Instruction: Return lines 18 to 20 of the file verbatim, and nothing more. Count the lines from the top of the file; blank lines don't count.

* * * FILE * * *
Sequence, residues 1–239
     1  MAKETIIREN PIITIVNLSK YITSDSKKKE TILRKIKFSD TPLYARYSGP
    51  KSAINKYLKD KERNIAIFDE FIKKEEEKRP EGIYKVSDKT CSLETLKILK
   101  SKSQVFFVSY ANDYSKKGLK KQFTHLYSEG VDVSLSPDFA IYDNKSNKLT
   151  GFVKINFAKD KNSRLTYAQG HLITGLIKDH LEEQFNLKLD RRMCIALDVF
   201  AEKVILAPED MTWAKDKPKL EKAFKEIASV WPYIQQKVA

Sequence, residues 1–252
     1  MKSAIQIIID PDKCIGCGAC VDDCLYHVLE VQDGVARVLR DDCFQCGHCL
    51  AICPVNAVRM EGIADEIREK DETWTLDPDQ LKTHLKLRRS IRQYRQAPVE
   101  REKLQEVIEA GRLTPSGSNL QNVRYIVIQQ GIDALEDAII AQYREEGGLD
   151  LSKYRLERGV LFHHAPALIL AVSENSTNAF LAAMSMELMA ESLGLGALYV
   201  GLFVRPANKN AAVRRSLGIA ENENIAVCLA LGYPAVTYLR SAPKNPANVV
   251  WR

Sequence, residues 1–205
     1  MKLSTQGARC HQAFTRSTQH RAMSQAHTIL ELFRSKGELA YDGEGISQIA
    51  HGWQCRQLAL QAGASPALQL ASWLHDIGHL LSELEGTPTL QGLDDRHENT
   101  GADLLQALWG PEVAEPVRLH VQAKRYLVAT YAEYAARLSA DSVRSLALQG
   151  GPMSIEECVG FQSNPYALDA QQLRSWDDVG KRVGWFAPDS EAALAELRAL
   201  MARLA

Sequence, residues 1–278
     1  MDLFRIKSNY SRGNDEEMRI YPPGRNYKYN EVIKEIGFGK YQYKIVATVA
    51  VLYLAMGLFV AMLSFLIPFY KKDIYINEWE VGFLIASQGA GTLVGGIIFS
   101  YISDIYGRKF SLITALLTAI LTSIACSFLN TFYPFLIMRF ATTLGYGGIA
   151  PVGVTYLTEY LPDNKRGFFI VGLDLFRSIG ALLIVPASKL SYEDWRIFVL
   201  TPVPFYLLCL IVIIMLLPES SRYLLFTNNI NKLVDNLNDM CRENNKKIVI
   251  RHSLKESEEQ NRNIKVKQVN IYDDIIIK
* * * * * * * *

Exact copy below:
   151  GPMSIEECVG FQSNPYALDA QQLRSWDDVG KRVGWFAPDS EAALAELRAL
   201  MARLA

Sequence, residues 1–278